Date: Sat, 31 Aug 2002 11:18:10 +0200 From: aldrich4 at t-online.de (Wayne Aldrich) Subject: Web Site Sorry about the bad link. Try This: www.barleys.nl When you get there look for this link: Thuisbrouwerijen Wayne Aldrich Return to table of contents
Date: Sat, 31 Aug 2002 09:19:20 -0400 From: "Angie and Reif Hammond" <arhammond at attbi.com> Subject: Re: Yeast Info. APB Rick, Look under Brewing on the Brewrats web site: http://www.brewrats.org There is lots of other good information here also. Reif Hammond Durham, NH Return to table of contents
Date: Sat, 31 Aug 2002 09:53:31 -0400 From: "Steve Alexander" <steve-alexander at worldnet.att.net> Subject: Re: Fermentation and Temperature Demonick Venezia wrote ... >And, anti-intuitively, I believe that rousing the yeast encourages >flocculation and leads to a clearer brew. Excellent intuition Dom .... in BY&F Quain and Boulton write ... "Although seemingly contradictory, flocculation requires agitation!". They go on to cite recent experiments in which yeast fail to floc when agitation is avoided. -S Return to table of contents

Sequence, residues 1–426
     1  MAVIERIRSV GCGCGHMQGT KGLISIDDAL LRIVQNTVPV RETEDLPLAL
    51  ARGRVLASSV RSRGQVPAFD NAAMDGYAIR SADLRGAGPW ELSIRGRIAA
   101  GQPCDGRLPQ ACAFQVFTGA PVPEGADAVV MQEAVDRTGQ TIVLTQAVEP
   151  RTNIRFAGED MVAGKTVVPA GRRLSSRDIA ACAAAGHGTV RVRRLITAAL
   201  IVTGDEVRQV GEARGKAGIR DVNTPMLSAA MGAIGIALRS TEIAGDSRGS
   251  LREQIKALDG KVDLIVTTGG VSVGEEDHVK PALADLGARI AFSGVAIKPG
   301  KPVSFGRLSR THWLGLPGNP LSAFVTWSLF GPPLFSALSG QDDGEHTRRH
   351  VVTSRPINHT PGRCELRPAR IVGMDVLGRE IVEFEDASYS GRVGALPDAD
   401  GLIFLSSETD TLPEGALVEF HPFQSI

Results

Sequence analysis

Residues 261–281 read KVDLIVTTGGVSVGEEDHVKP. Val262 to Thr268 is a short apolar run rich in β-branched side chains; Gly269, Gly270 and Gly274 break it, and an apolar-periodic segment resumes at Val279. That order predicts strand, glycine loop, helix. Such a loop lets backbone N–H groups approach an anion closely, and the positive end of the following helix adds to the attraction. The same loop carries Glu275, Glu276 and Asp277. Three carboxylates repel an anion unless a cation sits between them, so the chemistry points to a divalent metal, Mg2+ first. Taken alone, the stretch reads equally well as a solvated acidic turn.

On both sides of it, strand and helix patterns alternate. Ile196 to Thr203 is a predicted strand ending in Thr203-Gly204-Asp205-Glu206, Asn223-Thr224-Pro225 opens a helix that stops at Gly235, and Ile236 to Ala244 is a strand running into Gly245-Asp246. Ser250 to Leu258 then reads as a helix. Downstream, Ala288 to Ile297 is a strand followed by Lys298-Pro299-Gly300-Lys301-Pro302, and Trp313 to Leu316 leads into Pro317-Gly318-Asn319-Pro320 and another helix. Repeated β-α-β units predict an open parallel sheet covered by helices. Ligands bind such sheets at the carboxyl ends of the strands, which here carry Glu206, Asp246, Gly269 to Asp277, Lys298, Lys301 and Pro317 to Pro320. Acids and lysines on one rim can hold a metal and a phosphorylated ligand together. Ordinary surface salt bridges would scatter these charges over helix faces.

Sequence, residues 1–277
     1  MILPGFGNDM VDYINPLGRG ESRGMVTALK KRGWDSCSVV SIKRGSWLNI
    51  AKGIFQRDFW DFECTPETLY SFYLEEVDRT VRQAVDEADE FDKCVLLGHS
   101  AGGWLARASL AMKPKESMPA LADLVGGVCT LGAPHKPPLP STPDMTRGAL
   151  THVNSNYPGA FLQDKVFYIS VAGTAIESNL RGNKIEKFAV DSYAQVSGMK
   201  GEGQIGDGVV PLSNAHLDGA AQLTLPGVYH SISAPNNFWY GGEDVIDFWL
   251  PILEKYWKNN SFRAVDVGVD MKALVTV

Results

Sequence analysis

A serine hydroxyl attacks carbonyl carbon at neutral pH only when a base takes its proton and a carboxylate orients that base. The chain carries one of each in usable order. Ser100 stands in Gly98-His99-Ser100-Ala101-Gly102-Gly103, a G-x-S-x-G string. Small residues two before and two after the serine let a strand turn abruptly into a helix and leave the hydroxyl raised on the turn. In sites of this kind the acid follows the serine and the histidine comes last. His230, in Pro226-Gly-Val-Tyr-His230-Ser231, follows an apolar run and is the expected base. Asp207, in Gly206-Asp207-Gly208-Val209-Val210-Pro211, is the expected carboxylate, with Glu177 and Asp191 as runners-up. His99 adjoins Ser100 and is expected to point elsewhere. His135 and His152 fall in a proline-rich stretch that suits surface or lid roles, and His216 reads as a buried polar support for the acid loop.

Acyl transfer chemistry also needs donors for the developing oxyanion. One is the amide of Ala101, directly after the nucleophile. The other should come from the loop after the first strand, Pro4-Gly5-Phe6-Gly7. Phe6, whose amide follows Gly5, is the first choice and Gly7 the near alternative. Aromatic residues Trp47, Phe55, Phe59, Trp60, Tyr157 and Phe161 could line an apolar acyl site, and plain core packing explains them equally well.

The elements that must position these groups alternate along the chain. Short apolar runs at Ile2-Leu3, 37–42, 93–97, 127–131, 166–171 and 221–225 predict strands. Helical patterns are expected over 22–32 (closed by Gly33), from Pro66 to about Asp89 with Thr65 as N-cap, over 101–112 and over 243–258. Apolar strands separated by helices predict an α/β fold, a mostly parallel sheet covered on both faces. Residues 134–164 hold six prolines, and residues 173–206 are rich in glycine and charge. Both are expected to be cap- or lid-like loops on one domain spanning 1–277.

Date: Sat, 31 Aug 2002 11:17:29 -0700 From: "Haborak, Kevin" <KHaborak at golder.com> Subject: cider and mead Technically the cider should be discussed on a wine board as it is made from fruit. Mead is a little tougher, but you could view it as a beer made from 100% adjuncts. Return to table of contents
Date: Sat, 31 Aug 2002 13:28:05 -0600 From: "Adam Wead" <a_wead at hotmail.com> Subject: FG too high Dear Collective Wisdom: Thanks for all the great advice I've been getting from you guys. It's really helpful! I've got another problem now... I've been working on this IPA for 2 weeks now. It started out fine, OG of 1.052. I pitched the yeast (W 1056) from a starter and it was done in about 2 days, probably because it was so warm (75 F). After a couple of more days, the gravity was only around 22. So, I added another starter to see if that might bring it down even further. No avail. I racked it last night after a 2 week fermentation schedule with 2 500ml starters. The gravity was only 1.020 and an attentuation of only 62%. I now have it in the secondary. The weather is slightly cooler, around 73. But I have a wet towel around the carboy just in case. There's probably a lot of diacetlys and esthers in this one because it fermented so quickly and warmly. My question is why isn't the FG lower? How can I get it lower? And will it get any lower by leaving it in the secondary for a couple of weeks, so the yeast can tackle the diacetlys and esthers? Thanks for the advice. Adam Wead (Bloomington, IN) Return to table of contents